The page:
Rebellion Dogs Radio, Episode 54, looks at the evidence of mutual aid’s efficacy - through the latest scientific review, and and through the latest art.
The highlight of Episode 54 are:
- Discussion with Susanne, a dancer and choreographer from Susie McHugh Dance who uses her art form to express her first two years of continued sobriety. (sketch of "seven three zero" at LaRussa Outdoor Festival by artist Nick Greenwald Instagram @heylookthunder)
- Looking at a 2020 Cochrane Systematic Review of AA, Twelve Step Facilitation and the efficacy of mutual aid in general.
We start from Berkley University, shaking yet another erroneous conclusion: “It’s all in my mind; My recovery if founded on reason, and reason alone,”:
“Stories are told in the body. It does not seem that way. We tend to think of stories as emerging from consciousness — from dreams or fantasies — and traveling through words or images to other minds. We see them outside of us, on paper or on screen, never under the skin.”[i]
This is how Berkley University blogger Jeremy Adam Smith starts, The Science of the Story.
Stories are told in the body? Really? Well, how do we talk about it?
- “I feel it in my guts,”
- “My heart fluttered,”
- “I feel sick to my stomach to tell you this, but...”
Not only do we receive messages through the body, dancer, choreographer Susanne McHugh will talk to us about how stories can be masterfully told with the body. We hook you up to a YouTube video to see and hear what I’m talking about.
The Berkley University blog about Stories and our body reveals how present-day scientists sees sharing stories and experiencing or storing them in our body. According to Berkley U:
“Experiencing a story alters our neurochemical processes, and stories are a powerful force in shaping human behavior. In this way, stories are not just instruments of connection and entertainment but also of control.
We don’t need the science of storytelling to tell a story. We do, however, need science if we want to understand the roots of our storytelling instinct and how tales shape beliefs and behavior, often below conscious awareness. ...
As Neil Gaiman writes in his novel Coraline: ‘Fairy tales are more than true: not because they tell us that dragons exist, but because they tell us that dragons can be beaten’.”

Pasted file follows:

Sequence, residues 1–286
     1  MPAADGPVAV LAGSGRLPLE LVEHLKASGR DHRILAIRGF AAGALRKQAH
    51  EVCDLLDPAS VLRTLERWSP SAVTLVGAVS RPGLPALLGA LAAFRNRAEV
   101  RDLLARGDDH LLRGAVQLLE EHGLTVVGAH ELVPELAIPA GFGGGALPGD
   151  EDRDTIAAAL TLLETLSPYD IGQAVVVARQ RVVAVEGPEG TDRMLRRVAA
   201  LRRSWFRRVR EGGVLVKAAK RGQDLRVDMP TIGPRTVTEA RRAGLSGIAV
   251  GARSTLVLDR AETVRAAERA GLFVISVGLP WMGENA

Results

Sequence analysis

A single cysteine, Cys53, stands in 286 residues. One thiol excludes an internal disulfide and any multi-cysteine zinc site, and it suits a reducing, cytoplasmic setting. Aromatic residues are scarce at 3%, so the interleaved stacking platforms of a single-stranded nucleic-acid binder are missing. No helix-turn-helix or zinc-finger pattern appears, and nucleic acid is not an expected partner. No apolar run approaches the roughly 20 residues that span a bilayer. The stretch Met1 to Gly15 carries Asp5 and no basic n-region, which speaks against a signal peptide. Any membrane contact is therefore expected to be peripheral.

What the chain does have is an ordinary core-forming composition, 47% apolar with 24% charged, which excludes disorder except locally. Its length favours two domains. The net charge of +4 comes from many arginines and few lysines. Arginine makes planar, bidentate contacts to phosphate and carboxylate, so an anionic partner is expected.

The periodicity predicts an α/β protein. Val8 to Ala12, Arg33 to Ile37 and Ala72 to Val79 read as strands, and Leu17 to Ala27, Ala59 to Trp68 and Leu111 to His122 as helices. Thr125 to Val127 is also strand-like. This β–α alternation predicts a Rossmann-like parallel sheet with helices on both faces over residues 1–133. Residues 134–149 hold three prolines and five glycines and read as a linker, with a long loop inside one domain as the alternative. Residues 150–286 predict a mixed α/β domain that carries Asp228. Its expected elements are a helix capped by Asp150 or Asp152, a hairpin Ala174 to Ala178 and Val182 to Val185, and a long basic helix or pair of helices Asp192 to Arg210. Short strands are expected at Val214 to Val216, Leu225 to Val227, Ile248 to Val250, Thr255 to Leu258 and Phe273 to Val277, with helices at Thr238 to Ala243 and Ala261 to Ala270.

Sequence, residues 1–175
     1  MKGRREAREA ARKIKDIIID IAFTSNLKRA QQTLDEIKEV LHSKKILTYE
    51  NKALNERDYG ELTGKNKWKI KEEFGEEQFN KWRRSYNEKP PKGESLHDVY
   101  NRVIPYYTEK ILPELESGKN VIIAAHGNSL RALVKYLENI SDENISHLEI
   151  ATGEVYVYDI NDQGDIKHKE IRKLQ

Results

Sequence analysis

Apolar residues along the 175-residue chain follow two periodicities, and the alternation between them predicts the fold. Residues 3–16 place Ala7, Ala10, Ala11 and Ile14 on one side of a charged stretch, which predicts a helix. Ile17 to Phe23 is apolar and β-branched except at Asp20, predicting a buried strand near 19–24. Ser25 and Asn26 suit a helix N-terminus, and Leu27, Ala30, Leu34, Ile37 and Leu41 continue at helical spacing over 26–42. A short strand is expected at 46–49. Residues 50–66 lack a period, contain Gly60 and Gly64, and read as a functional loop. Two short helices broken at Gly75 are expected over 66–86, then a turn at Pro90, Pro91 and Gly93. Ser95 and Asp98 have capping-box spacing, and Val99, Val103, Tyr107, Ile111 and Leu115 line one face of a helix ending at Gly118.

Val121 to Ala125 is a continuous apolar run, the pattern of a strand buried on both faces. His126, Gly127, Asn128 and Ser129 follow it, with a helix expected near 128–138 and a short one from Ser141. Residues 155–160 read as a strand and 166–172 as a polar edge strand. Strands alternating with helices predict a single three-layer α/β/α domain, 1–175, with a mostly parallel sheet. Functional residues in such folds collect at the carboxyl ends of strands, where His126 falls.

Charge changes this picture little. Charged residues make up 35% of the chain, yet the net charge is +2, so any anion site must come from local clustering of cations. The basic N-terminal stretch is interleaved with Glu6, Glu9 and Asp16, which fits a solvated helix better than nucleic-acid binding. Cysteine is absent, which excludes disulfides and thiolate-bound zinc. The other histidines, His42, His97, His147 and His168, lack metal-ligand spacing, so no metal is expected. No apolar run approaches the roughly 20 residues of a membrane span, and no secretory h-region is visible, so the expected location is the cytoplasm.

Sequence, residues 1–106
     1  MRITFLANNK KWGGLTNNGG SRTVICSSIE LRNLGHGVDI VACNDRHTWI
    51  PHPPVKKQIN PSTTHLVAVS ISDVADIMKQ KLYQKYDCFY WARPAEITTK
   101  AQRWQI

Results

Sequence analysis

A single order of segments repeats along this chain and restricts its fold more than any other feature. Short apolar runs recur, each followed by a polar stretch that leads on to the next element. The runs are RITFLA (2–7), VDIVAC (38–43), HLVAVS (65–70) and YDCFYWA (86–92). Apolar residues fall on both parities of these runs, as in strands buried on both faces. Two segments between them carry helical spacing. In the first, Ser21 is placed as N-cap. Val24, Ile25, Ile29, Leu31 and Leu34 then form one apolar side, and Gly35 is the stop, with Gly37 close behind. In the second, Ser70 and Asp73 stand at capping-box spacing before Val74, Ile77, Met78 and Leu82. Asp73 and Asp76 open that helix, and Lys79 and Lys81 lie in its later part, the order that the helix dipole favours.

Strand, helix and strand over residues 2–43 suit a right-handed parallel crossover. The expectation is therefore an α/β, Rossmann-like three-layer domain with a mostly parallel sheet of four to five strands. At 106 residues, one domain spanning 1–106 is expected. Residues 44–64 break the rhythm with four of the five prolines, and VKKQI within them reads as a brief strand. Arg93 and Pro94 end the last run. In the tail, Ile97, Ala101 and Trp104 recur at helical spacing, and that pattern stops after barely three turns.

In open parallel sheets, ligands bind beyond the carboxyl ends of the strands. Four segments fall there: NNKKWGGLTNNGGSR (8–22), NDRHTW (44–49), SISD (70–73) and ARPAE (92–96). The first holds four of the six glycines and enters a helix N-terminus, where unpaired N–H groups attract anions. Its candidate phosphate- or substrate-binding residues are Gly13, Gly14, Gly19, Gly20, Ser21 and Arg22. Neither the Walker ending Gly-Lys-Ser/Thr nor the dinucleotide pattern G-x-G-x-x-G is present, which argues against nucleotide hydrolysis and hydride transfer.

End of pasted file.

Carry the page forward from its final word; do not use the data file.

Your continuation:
Stories, even fables are “more than true?” When a newcomer hears another addict’s story of being overwhelmed by the dragon that is addiction, but then overcoming the challenge, this story of heroism is “more than true” for the storyteller. It is helpful and hopeful for the listener. If her addiction-dragon can be beaten, maybe my dragon can be conquered, too".
Here’s one more scientific look at storytelling: Last month, I heard on Adina Silvestri’s Atheists in Recovery Podcast #64[ii] that:
“When we hear people share vulnerable stories, we get an oxytocin release. And when we share our own vulnerable stories, and we’re listened to, we get serotonin.”
This is the reporting from Valley Haggard, the show’s guest who has faced and overcome addiction in her life, she’s a writer and founder of Life in 10 Minutes Lit Magazine.
Today’s podcast, will review a Harvard PhDs review of AA efficacy, as an intervention to alcohol and other substance use disorder. Our mutual-aid groups, our quaint talk-therapy, while appreciated by some, has been the brunt of ridicule from others. We see how today’s academics and science, looking at today’s evidence, may rescue our credibility for attributing positive outcomes from AA or Women for Sobriety or LifeRing, SMART Recovery or Refuge Recovery. Or, Dharma Recovery, She Recovers or the whole alphabet soup of mutual-aid: CA, DA, GA, MA, NA, OA, TA, AAA, ACA, CMA, FAA, SLAA, OLGA, Al-Anon, On-and-On-amous. Scientific inquiry does not evaluating mutual aid against doing nothing or going it alone; AA and Twelve Step Facilitation is being compared to other more professional and expensive interventions.